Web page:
HISTORY OF PUNE

Pune’s diverse history is closely linked to the ascent of the Maratha empire of the 17th and 18th centuries, during which time it became the political seat of the Indian subcontinent. With the fall of the Peshwa rule in 1818, Pune was soon established by the British as a military base, and by the 19th and 20th centuries the city had turned into a hotbed of political unrest against the British rule.

Some of the earliest references to Pune city date back as far as to the 8th century as Punya-Vishaya (Sacred News). By the 13th century, Pune had come to be known as Punawadi.

Timeline

8th century

Evidence of copper plates from the Rashtrakota Dynasty refer to the region as Punya or Punaka and depict an agricultural settlement. The confluence of the two rivers, Mula and Mutha, made it a fertile region that continued to prosper as a centre for agriculture and horticulture.

9th to 14th century

The region was encompassed in the vast Yadava empire ruled by the Seuna Maratha dynasty. Maratha culture was established and Marathi became the court language. Today Marathi is the state language and Pune is the cultural capital of Maharashtra.

14th to 17th century

Under the Muslim Delhi Sultanate, the region became a part of the Mughal empire.
The rulers introduced new administrative practices, but did not try to change social practices or influence local culture.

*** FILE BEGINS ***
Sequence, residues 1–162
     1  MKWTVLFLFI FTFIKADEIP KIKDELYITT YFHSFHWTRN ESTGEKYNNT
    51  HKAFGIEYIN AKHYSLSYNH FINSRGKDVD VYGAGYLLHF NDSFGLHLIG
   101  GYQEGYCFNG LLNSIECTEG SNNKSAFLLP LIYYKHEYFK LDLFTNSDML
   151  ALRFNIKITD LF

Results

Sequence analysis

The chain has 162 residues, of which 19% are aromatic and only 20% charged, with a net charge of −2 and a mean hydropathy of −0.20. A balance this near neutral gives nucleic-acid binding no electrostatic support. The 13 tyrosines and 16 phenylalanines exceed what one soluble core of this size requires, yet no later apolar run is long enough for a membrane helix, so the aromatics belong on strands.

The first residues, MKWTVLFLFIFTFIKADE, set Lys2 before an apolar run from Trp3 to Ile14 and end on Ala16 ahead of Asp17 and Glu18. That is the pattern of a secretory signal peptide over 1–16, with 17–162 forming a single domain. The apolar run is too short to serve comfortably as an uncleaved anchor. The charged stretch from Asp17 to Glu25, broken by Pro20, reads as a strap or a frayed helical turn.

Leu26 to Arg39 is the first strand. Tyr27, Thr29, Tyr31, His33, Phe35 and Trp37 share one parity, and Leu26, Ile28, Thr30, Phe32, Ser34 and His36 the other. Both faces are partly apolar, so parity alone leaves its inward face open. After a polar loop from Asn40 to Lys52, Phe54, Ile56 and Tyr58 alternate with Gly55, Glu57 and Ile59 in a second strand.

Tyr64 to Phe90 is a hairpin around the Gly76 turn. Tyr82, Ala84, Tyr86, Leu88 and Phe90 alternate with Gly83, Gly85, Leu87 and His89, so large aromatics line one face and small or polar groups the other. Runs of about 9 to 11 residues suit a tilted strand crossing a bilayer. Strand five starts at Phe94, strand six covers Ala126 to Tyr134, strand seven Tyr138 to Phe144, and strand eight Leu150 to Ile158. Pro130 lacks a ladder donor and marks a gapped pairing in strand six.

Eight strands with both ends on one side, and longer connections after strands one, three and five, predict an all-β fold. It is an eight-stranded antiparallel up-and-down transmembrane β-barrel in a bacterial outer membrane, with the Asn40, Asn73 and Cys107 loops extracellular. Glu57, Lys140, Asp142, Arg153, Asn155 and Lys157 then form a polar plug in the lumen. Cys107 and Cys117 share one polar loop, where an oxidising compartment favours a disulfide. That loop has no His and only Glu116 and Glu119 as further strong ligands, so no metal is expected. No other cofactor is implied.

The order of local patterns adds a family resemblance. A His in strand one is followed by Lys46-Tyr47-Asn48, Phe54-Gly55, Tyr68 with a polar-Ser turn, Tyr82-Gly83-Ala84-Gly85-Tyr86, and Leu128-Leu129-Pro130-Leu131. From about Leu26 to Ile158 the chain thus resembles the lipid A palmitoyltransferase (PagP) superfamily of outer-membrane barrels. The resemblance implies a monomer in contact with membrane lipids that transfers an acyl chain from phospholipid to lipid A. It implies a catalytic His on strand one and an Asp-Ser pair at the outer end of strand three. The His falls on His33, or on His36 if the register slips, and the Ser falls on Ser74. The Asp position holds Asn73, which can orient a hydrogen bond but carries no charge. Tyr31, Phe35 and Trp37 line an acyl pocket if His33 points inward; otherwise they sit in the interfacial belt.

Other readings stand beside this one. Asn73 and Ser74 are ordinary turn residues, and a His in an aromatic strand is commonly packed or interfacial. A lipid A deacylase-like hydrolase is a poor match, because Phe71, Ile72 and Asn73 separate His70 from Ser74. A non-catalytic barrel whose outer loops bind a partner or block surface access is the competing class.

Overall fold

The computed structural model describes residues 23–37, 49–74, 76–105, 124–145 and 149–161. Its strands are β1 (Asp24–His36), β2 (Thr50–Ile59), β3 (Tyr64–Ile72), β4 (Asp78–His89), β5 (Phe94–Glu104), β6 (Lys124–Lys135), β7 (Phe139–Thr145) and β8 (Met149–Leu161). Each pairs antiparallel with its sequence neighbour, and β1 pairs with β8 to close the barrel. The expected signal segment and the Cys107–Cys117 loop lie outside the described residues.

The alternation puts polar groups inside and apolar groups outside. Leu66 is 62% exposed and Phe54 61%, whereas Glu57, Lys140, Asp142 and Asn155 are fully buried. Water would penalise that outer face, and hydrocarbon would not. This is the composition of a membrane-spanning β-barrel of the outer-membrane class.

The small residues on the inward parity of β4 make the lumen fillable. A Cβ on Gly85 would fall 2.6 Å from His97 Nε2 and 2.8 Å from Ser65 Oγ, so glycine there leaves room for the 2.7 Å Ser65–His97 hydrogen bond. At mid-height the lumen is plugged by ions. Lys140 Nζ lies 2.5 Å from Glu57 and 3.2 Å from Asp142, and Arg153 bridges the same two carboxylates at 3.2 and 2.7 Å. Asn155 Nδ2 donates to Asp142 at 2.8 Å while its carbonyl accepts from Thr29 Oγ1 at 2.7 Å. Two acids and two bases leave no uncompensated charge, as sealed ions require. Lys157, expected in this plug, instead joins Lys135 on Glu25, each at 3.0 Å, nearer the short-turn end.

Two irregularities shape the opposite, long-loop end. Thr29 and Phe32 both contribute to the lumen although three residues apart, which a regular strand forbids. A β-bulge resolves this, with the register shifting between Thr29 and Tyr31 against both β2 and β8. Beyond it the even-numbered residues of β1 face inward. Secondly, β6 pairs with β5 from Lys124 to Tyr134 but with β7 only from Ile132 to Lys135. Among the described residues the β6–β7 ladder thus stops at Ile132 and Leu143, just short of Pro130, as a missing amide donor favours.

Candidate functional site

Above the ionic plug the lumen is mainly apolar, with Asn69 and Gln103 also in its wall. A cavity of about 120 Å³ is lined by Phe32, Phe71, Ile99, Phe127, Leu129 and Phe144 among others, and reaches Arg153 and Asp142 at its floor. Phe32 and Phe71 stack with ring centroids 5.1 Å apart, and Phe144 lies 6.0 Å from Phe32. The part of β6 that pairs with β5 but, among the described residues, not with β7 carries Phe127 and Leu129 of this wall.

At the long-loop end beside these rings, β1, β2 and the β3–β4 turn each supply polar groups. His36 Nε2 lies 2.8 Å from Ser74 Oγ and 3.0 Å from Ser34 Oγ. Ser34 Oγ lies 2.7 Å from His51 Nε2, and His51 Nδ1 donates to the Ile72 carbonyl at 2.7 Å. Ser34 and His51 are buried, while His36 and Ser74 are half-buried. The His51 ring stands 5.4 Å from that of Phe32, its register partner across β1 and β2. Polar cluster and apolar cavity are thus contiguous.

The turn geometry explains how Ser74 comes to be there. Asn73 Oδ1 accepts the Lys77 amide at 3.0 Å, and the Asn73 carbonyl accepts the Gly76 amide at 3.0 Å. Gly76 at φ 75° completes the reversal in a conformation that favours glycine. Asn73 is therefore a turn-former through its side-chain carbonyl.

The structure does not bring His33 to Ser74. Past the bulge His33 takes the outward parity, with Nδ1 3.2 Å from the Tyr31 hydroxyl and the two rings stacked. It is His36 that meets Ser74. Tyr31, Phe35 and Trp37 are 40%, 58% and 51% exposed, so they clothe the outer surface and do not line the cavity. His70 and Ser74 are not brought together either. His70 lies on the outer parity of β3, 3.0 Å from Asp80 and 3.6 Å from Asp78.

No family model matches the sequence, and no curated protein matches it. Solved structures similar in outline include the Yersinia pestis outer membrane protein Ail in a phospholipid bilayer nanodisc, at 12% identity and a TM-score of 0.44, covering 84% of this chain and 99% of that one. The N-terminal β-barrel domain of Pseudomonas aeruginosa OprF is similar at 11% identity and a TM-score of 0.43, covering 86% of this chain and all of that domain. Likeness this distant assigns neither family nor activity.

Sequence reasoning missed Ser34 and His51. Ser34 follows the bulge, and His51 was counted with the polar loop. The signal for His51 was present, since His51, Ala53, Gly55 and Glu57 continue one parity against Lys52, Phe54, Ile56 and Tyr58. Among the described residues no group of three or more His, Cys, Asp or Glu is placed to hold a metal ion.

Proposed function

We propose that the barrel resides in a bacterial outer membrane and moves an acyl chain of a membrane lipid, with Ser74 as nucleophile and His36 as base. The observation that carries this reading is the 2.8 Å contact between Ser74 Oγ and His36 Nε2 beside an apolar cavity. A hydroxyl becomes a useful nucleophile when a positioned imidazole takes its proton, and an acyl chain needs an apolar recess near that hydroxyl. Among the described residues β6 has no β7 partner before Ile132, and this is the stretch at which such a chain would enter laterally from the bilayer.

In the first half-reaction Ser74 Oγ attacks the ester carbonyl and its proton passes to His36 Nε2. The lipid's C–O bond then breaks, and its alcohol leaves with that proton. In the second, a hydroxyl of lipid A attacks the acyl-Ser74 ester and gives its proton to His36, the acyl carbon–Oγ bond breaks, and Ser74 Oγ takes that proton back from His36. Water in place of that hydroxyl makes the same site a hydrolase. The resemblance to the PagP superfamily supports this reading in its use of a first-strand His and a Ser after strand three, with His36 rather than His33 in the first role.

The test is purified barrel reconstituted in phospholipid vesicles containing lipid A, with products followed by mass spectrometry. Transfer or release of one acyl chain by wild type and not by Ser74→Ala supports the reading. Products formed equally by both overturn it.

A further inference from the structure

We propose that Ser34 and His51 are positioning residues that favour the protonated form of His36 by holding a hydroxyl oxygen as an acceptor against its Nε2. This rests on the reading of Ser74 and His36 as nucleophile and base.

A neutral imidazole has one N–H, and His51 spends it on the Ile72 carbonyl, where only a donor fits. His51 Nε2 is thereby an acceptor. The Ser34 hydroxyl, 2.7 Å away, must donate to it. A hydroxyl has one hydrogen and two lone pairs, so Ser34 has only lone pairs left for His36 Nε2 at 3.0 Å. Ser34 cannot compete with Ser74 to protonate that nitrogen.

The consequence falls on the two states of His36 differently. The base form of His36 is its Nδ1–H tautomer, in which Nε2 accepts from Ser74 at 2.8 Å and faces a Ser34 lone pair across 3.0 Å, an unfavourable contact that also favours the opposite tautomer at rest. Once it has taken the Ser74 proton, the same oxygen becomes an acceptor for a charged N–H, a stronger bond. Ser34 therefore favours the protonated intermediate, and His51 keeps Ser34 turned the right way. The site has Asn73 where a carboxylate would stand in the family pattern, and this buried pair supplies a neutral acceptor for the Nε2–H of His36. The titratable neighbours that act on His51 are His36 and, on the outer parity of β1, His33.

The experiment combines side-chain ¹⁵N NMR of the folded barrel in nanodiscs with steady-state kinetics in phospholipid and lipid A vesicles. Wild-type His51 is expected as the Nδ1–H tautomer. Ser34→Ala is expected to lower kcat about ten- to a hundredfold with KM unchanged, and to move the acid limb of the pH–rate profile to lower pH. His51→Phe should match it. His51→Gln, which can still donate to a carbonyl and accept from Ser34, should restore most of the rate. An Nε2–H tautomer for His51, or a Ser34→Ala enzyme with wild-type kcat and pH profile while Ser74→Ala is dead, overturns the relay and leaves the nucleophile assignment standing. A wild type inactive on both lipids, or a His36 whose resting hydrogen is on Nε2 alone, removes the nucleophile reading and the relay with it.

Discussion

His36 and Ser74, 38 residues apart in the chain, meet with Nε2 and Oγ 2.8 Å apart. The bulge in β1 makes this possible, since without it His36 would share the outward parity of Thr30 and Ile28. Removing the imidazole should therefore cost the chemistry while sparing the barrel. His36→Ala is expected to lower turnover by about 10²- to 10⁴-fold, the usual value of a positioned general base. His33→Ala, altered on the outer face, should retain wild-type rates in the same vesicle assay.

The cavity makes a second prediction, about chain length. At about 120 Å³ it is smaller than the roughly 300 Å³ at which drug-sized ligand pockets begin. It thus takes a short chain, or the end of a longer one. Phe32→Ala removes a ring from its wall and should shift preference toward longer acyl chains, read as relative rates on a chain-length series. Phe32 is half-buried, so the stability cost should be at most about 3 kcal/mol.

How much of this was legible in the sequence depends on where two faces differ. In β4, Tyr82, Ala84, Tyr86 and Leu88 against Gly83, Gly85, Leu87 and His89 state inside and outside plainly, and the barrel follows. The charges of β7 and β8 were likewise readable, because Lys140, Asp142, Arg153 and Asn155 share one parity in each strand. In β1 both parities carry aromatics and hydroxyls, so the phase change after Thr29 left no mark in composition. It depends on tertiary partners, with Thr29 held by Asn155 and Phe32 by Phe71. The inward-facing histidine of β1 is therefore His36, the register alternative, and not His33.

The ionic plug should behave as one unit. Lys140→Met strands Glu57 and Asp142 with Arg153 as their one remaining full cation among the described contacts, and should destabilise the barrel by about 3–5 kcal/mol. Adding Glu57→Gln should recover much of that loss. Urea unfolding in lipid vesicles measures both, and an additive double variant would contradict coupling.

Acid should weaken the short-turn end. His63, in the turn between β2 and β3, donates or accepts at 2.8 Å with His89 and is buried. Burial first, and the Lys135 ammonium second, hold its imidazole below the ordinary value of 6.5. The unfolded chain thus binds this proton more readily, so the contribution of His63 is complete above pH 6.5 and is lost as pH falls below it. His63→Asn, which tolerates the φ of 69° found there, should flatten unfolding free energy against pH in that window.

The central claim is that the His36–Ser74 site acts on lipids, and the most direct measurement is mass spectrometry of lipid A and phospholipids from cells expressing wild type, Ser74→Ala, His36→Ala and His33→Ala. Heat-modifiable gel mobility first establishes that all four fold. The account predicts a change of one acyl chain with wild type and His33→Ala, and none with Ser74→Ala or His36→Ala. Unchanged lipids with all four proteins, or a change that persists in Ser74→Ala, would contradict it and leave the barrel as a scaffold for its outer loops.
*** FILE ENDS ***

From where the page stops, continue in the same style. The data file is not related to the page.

17th and 18th century

The region gained popularity with the rise of the Marathas. Shivaji was crowned King in 1649 and continued to be a popular and revered figure in the state. Later, the Peshwas, titled administrators of the Maratha Kings, turned rulers and built temples and palaces including the Shaniwarwada, now a heritage monument and tourist attraction.

19th and early 20th century

The British anglicised the city ‘s name to Poona. Surrounded by verdant hills and blessed with moderate climate, Pune earned the sobriquet ‘Queen of the Deccan’. The game of badminton was originally called Poona, named after the town in which it was invented. India’s third oldest college, The Deccan College was established in Poona in 1821, followed by Asia’s third oldest engineering institute, the College of Engineering, Pune in 1854. Poona became an educational hub and dubbed the ‘Oxford of the East’.
The Raja Bahadur textile mill established in 1893 sowed the first seeds of industrialisation.
The city was home to many social, religious and political reformers, including the brief period during which Mahatma Gandhi lived under house arrest at the Aga Khan Palace, which now houses memorials and a small museum.

20th century - Post-Independence

Poona became the Southern Command headquarters of the Indian army and witnessed the National Defence Academy being established here. Industrialisation was encouraged and the region saw the growth and development of several industrial parks. Domestic and international companies invested in the area, making the most of a large pool of manpower.
Poona was officially renamed Pune in the year 1978. With over a dozen auto manufacturers and hundreds of autos ancillary firms, Pune became the ‘Detroit of the East’. Simultaneously the government and local chambers of commerce – the Maharatta Chamber of Commerce Industries & Agriculture (MCCIA) gave a fillip to the IT and IT-eS sector, by setting up software technology parks.
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